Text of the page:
SciELO - Scientific Electronic Library Online

 
vol.132 número11Epidemiología de la Insuficiencia Renal Aguda grave: Un estudio prospectivo multicéntrico en la Región MetropolitanaInactivación del gen CDKN2A (p16) en cáncer de la vesícula biliar índice de autoresíndice de materiabúsqueda de artículos
Home Pagelista alfabética de revistas  

Servicios Personalizados

Revista

Articulo

Indicadores

Links relacionados

Compartir


Revista médica de Chile

versión impresa ISSN 0034-9887

Resumen

BURROWS A, Raquel; DIAZ S, Nora  y  MUZZO, Santiago. Variations of body mass index (BMI) according to degree of pubertal development. Rev. méd. Chile [online]. 2004, vol.132, n.11, pp.1363-1368. ISSN 0034-9887.  http://dx.doi.org/10.4067/S0034-98872004001100004.

Background: Body mass index (BMI) is the recommended parameter to assess the nutritional status of subjects aged less than 20 years. However, during puberty the correlation between BMI and fat mass decreases notably. Therefore, the use of BMI for the diagnosis of obesity during puberty may be misleading. Aim: To evaluate the variations of the BMI during puberty according to chronological and biological ages. Material and methods: Descriptive cross sectional study in school age children of elementary and high schools (4,531 males and 5,326 females) representing all socioeconomic strata of 4 regions of Chile. BMI was calculated from weight and height measurements (W/H2) and pubertal development was evaluated according to Tanner stages. The sample selected to evaluate the variations of BMI according to chronological age and pubertal stages consisted in 3,913 females aged 8-14 years and 2,494 males aged 10-16 years. Analyses of variance (F test) and Tukey HSD test were used to compare mean BMI according to chronological and biological ages. Results: The age of onset of puberty (Tanner Stages IB2 and G2) varied greatly, from 8 to 14 years in females and 10 to 16 years in males. Mean BMI in a specific stage of pubertal development did not show significant differences according to age in both sexes. However, there were significant differences (p <0.05) in mean BMI when comparing children of the same chronological age but in different Tanner stages. Per each stage of Tanner development, BMI increased 1.0 or more points among females and 0.6 points among males. Conclusions: During puberty, BMI is associated to biological and not chronological age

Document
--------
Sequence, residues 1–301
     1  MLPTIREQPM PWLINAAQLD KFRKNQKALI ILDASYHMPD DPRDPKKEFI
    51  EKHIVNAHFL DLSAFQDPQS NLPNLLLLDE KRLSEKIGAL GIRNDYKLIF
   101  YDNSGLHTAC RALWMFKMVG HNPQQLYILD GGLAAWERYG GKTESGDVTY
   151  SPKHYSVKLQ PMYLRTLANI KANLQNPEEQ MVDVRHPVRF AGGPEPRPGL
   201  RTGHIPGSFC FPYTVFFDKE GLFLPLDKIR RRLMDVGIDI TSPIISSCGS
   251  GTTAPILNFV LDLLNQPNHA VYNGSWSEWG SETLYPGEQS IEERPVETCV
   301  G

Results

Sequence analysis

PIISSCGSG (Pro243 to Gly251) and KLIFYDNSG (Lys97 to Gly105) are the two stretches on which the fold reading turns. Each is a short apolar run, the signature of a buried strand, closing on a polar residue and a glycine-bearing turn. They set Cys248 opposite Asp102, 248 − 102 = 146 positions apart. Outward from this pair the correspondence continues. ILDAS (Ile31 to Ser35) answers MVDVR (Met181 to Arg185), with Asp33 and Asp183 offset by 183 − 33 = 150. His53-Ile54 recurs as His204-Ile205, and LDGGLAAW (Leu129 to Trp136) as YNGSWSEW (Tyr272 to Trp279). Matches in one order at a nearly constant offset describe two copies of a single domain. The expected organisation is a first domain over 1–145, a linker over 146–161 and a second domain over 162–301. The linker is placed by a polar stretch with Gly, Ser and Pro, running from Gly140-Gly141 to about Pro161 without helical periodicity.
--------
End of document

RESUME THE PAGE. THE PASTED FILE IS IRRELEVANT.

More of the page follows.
Palabras clave : Body mass index; Nutritional status; Puberty.

        · texto en Español     · Español ( pdf )

 

Creative Commons License Todo el contenido de esta revista, excepto dónde está identificado, está bajo una Licencia Creative Commons